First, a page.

"All this happened a few years before the middle of a century, and a few years before the end of a century Miss Amanda regained consciousness. That is to say, she woke up at the end of fifty years, exactly as she had been in the habit of waking up at seven o'clock in the morning. But although she was conscious she did not understand how it was possible she should be so. She did not see; she did not hear; she did not feel. She had no body; no hands or feet; no eyes or ears: she had nothing; and she knew she had nothing. She simply was conscious, and that was all there was about it. She was not surprised; she seemed to take her state and condition as a matter of course, and, to a certain degree, she comprehended it. She remembered perfectly well that she had lost consciousness as she was saying 'Fifty years, fifty years, fifty years' over and over again; and now she knew that, as she had regained consciousness, the fifty years must have passed; so, instead of wondering how things had come to be as they were, she, or rather her consciousness, set itself to work to observe everything around it and about it. This had always been Miss Amanda's habit of mind.

"Now I want to explain," said the young lady, "that in one way it will be troublesome for me to express myself exactly as I tell this story. Of course Miss Amanda did not exist; it was only her consciousness which observed things: but I think it will be a great deal less awkward for me if I speak of that consciousness as Miss Amanda. None of us really understands consciousnesses with their outsides all hulled off as John is doing with those seeds which he drops into the basin. Each one of those little seeds has within it a power which we do not understand. And that is the way with Miss Amanda's consciousness."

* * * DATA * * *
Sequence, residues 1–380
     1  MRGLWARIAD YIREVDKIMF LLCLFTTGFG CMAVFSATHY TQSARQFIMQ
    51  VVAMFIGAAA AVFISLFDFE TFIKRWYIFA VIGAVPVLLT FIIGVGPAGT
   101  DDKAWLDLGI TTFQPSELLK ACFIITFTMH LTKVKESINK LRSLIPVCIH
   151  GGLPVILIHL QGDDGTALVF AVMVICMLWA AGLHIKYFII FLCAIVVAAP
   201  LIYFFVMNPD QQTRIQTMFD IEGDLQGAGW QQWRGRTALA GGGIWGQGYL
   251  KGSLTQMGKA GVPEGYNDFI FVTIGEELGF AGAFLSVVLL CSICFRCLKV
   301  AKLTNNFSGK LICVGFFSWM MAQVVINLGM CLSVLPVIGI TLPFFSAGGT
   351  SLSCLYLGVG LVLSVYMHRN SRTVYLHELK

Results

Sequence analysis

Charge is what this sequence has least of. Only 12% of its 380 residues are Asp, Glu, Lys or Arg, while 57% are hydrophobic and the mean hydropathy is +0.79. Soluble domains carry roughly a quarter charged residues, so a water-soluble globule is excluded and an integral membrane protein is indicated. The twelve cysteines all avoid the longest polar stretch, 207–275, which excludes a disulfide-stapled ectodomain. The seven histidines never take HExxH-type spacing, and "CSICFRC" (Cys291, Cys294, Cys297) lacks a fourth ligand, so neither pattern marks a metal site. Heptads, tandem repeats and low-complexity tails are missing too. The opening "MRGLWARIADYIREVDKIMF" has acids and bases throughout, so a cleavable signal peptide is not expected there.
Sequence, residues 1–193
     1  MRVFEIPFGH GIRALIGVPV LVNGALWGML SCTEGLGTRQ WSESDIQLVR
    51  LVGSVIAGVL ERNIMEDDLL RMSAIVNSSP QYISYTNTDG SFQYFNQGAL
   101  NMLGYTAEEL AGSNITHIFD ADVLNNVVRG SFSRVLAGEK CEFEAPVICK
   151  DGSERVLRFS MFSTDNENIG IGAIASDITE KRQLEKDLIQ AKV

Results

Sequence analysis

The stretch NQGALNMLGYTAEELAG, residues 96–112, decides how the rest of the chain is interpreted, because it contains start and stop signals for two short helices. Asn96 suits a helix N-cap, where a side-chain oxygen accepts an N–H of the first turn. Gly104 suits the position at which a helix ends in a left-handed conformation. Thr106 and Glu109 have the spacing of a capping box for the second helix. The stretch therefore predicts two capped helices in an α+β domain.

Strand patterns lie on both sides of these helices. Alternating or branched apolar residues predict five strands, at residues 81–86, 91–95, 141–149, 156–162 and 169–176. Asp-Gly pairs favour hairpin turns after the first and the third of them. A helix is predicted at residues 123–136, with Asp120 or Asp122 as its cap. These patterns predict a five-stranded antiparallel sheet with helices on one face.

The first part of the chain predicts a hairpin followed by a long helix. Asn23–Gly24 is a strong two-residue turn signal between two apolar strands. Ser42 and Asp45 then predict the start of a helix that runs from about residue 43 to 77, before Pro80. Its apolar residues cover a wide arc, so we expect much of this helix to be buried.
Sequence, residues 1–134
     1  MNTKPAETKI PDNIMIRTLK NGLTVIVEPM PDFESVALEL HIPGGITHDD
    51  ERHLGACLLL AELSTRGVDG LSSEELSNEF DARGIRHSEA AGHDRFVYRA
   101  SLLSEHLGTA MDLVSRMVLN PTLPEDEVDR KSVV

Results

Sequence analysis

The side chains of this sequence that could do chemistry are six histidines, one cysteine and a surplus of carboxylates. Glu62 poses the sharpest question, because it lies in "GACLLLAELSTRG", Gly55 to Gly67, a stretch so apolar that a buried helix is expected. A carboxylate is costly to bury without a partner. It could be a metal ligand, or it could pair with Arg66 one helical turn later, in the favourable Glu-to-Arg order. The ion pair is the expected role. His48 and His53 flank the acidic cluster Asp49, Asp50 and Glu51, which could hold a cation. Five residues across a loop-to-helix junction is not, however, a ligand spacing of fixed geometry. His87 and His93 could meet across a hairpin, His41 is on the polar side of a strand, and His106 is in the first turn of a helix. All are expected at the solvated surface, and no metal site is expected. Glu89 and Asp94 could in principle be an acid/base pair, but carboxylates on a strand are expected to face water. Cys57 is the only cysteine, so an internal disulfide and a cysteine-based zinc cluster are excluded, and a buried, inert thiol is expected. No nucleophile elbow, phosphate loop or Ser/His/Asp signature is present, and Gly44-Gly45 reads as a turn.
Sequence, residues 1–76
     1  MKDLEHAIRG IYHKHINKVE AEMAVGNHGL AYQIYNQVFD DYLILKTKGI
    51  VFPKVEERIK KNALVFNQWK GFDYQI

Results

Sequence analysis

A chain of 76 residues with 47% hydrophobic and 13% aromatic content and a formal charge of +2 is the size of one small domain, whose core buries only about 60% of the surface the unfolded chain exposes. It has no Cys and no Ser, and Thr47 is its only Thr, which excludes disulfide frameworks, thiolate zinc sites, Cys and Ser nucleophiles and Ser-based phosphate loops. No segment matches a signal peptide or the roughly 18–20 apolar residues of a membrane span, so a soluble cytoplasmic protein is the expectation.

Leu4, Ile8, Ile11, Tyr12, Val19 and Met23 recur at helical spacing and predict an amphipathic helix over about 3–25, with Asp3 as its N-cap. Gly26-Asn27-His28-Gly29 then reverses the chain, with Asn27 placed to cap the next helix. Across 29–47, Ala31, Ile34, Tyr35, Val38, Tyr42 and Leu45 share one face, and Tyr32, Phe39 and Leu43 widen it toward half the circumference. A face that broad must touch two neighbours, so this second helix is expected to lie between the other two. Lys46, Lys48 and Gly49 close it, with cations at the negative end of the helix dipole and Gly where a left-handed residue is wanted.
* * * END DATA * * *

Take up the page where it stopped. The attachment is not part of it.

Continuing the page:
"There," said the captain; "I agree with you. Nobody can object to that."

"The first thing of which Miss Amanda became conscious was the smell of sweet peas. She had always been very fond of these flowers. The air was soft and warm, and that, too, was pleasant to her. She observed a good many other things, such as trees and grass; but she did not know where she was, and she did not see anything she could recognize. You must not forget that when I say she saw anything, I mean she became conscious of it. Presently, however, she did perceive something that was familiar, and if such a thing had been possible her face would have flushed with pleasure. This familiar object was a sun-dial in the middle of a wide grass-mound. The sun-dial was of brass. It was very old, and some of the figures on the round plate were nearly obliterated by time and weather; but Miss Amanda recognized it. It was the same sun-dial she had always known in the home where she had been born. But it was not mounted on a round brick pillar, as when she had known it: now it rested on a handsome stone pedestal; but it was the same sun-dial. She could see the place where the upright part had been mended after her nephew John, then only fourteen, had thrown a stone at it, being jealous of it because it would never do any work in bad weather, whereas he had to go to school, rain or shine.

"'Now,' thought Miss Amanda, 'if this is the old sun-dial, and if this is the mound in front of our house, although it is so much smaller than I remember it, the dear old house must be just behind it.' But when she became conscious in that direction, the dear old house was not there. There was a house, but it looked new and handsome. It had marble steps, with railings and a portico, but it was another house altogether, and everything seemed to be something else except the sun-dial, and even that did not rest on the old brick pillar with projections at the bottom, on which she used to stand, when she was a little girl, in order to see what time it was.

"Now Miss Amanda felt lonely, and a little frightened. She had never been accustomed to finding herself in places entirely strange to her. She felt, too, that she was there in that place, and could not be anywhere else even if she wanted to, and this produced in her a condition which, half a century before, would have been nervousness. But suddenly she perceived something which, although strange, was very pleasant. It was a young girl upon a bicycle coming swiftly toward her over a wide, smooth driveway. Miss Amanda had never been conscious of a bicycle; and as the girl swept rapidly on, it seemed as if she were skimming over the earth without support. At the foot of the marble steps the girl stopped and seemed to fall to the ground; but she had not fallen: she had only stepped lightly from the machine, which she leaned against a post, and then walked rapidly toward the place where the sweet peas grew.